The human brain undergoes significant structural and functional changes throughout the lifespan. Yet the brain development is not the same for everyone. There are considerable individual differences. For example, researchers have long considered that the brains of gifted children develop differently from those of other children. How do these children differ from other children in brain development? There are also gender differences in behavioral as well as brain measures especially during puberty/adolescence. In addition, the onset of puberty sometimes coincides with the transition from elementary to secondary schools, which may make the school transition particularly challenging for some children. In our research, we address such individual differences in brain developments using psychological experiments, hormone assays and neuroimaging techniques.
The importance of education is not limited to children. Given the increased life expectancy, lifelong learning for older adults has become more important than ever. When we think about old age, we tend to focus on negative aspects of aging (e.g., loss of physical health, cognitive abilities, and social connection). But increasing research has pointed to the adaptive effects of aging. For example, while younger adults remember more negative than positive information, older adults tend to pay attention to and remember more positive information because they focus on emotional goals. Enriched knowledge and experience with age may also help older adults’ learning to experience enjoyment and pleasure while learning even more than children and younger adults. We aim to understand these diverse effects of aging on processes relevant to learning—from the brain to emotional wellbeing.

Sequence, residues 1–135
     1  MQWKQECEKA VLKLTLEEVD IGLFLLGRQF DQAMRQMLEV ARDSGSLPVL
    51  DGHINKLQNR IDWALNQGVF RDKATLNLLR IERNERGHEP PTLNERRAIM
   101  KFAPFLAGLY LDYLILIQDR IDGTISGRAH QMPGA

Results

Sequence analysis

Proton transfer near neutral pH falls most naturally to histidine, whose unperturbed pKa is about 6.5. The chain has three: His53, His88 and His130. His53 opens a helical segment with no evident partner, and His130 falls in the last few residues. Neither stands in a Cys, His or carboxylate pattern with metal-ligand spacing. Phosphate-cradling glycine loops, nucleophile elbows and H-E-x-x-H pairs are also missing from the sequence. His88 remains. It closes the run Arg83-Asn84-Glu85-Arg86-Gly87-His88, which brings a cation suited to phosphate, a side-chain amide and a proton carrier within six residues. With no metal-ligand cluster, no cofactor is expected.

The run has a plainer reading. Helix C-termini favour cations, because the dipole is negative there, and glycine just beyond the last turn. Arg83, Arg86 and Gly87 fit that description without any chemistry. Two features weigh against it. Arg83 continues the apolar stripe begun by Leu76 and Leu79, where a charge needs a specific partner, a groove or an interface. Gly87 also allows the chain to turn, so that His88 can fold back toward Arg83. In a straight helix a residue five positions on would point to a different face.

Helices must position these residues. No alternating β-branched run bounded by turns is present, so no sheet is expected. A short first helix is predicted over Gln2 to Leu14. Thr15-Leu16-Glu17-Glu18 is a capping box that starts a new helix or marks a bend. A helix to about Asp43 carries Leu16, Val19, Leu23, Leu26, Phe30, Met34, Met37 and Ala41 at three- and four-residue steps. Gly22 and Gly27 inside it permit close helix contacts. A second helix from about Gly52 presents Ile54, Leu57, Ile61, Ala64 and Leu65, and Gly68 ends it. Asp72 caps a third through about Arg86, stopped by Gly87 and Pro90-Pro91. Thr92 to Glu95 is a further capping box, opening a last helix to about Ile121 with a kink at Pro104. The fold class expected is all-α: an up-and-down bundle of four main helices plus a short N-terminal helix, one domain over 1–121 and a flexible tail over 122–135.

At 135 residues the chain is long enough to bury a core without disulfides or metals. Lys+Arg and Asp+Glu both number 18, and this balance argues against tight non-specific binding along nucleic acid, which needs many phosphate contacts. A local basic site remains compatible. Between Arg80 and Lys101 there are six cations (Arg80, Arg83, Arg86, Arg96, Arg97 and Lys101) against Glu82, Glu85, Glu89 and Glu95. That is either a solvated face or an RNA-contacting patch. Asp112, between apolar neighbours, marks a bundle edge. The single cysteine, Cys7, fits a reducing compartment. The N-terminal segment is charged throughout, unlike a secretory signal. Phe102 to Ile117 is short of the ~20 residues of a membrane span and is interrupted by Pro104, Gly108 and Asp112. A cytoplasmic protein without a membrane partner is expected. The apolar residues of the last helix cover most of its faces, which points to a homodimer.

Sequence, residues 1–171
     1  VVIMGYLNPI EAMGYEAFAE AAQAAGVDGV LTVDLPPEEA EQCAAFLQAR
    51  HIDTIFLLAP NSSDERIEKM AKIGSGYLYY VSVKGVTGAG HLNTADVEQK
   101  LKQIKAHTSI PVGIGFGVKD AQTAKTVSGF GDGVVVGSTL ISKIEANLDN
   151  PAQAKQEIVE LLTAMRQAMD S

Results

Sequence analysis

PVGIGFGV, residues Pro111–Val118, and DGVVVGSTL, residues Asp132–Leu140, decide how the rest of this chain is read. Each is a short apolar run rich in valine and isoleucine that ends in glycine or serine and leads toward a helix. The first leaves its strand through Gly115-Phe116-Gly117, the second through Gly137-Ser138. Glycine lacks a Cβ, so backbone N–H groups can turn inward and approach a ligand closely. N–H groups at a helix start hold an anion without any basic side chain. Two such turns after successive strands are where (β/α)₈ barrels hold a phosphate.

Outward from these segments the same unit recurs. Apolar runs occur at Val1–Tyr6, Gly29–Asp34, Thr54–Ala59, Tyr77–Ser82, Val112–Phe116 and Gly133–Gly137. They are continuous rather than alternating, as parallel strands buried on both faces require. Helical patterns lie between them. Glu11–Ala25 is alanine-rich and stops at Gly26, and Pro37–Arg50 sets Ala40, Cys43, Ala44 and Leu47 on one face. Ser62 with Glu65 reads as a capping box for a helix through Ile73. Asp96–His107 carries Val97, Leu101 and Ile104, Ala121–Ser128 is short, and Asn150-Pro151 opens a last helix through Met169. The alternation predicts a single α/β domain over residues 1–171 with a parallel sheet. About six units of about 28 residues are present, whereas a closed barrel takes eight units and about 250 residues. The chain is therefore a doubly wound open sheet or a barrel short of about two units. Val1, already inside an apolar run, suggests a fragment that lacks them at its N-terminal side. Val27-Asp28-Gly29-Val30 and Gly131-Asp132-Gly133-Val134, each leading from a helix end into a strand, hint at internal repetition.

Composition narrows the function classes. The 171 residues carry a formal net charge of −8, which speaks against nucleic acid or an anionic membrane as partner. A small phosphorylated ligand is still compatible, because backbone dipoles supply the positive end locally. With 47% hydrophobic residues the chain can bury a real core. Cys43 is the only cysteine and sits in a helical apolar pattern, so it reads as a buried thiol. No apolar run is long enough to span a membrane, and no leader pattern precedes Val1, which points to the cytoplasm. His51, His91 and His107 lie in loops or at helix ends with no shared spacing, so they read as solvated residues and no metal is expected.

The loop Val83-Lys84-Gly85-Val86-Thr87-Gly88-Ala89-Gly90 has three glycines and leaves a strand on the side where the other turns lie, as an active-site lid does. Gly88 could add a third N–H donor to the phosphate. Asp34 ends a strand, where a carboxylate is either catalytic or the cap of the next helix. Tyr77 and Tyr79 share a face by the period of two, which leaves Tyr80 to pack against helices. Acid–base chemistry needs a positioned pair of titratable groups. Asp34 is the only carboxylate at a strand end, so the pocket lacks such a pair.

People often believe that positive emotions are better than negative emotions for students learning. But empirical research has provided a more complex picture, such that positive emotions cannot be always beneficial for students’ learning. Likewise, negative emotions can be sometimes beneficial for students’ achievement. When and how can negative emotions facilitate learning despite their general negative impacts? How similarly do positive and negative emotions affect learning? Answers to these questions are critical to understanding how best to facilitate students’ emotions in an educational setting. In our research, we aim to provide insights into these questions by examining the effects of emotions on each of the cognitive processes critical for students’ learning, including perception, attention, memory encoding, memory consolidation, goal setting, and problem solving. To understand the underlying mechanisms of the complex effects of emotions, we use a range of methods, including behavioral experiments, physiological assessments, computational modelling, neuroimaging and longitudinal surveys.